That being said, you don’t need $100,000 in your trading account to make a real go at it but starting with less than $1000 makes it near impossible to generate enough money to live from. If you don’t have enough money to begin, don’t get discouraged. Becoming a successful trader and being able to prove it is all you need. In fact, we know several prop trading firms that simply require you to achieve success in a demo trading account prior to hiring you to trade their capital. Think about it, if you can show proof that you consistently take successful trades, minimize your loses and showcase professional money management techniques, what more would you need to show?
Human beings are hard-wired to lose in trading
If you’ve been around trading for years or are just starting out, you’ll notice the term “psychology” plastered everywhere. It’s so interesting how most people ignore that subject in their new trading book and skip over that section in the podcast series as it’s the most overlooked and important aspect of trading. Human beings feel a great deal more when they lose than when they win.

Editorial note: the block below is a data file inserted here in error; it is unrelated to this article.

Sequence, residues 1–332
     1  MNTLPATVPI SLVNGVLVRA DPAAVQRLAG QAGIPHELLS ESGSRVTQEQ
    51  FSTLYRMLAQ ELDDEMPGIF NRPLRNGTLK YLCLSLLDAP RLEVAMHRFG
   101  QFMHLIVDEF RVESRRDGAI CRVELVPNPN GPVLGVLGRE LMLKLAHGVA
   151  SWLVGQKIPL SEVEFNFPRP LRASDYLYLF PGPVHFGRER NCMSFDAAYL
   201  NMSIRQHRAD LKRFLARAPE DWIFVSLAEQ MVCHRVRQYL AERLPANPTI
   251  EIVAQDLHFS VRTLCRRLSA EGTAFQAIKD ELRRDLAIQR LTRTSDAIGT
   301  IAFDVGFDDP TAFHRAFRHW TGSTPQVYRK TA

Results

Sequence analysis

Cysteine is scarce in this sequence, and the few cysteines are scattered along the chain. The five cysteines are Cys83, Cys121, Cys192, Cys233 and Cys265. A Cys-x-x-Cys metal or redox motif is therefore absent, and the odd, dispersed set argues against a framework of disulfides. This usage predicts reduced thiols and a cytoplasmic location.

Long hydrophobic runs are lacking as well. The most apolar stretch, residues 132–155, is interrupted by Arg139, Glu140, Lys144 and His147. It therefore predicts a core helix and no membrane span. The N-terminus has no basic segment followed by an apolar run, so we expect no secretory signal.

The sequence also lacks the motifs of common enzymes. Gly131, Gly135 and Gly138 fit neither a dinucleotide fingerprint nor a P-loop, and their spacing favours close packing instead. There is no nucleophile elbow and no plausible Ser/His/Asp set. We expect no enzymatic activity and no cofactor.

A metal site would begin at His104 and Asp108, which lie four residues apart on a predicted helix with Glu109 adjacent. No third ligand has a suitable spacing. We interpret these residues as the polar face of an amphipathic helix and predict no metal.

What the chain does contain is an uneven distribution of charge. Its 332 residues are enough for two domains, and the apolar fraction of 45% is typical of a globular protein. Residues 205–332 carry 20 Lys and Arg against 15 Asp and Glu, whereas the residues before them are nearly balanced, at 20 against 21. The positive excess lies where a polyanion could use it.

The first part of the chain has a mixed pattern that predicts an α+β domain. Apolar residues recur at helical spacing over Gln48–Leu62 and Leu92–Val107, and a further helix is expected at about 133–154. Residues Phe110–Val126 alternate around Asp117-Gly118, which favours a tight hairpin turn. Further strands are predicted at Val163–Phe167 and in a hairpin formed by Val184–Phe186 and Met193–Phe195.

Think about the casino, if you walk into a casino with 100 dollars, lose 50 dollars, then immediately make 50 dollars and walk out of the casino, you still have 100 dollars in your pocket. What would you feel at that time? Most people feel indifferent. They just doubled their money from 50 dollars to 100 dollars but they see it as breaking even from the moment they stepped into the casino. Now if another person simply loses 100 dollars and leaves. That person has effectively lost 100 dollars. The person who loses 100 dollars “feels” significantly more than the person who walks out with 100 dollars. We are not talking about feeling good or feeling bad but simply about how “intense” the feeling is. In short, people HATE to lose way more than they love to win. Losing is an awful feeling and people will naturally chose to avoid losing if they can, even if it means taking more risk. How does all of this translate into trading?
After gaining a bit of knowledge in trading and even placing a few trades, some people will be unfortunate enough to win their first few trades. We say “unfortunate” as this leads them in thinking that trading is easy and they start calculating how much money they’ll be making at the end of the year if they simply keep up their efforts.
They begin thinking they know where the market will go and sometimes the successful trades they take reinforces this new found confidence. At some point, something will happen in the market and they’ll believe with absolute confidence they know where the market will go next. Because of the level of their confidence, they take a trade that is significantly bigger than their normal trade size. This trade may go in their favour at first but often will retrace against them, since the trade is so much larger than normal, the negative position they see in front of them makes them nervous and brings on anxiety.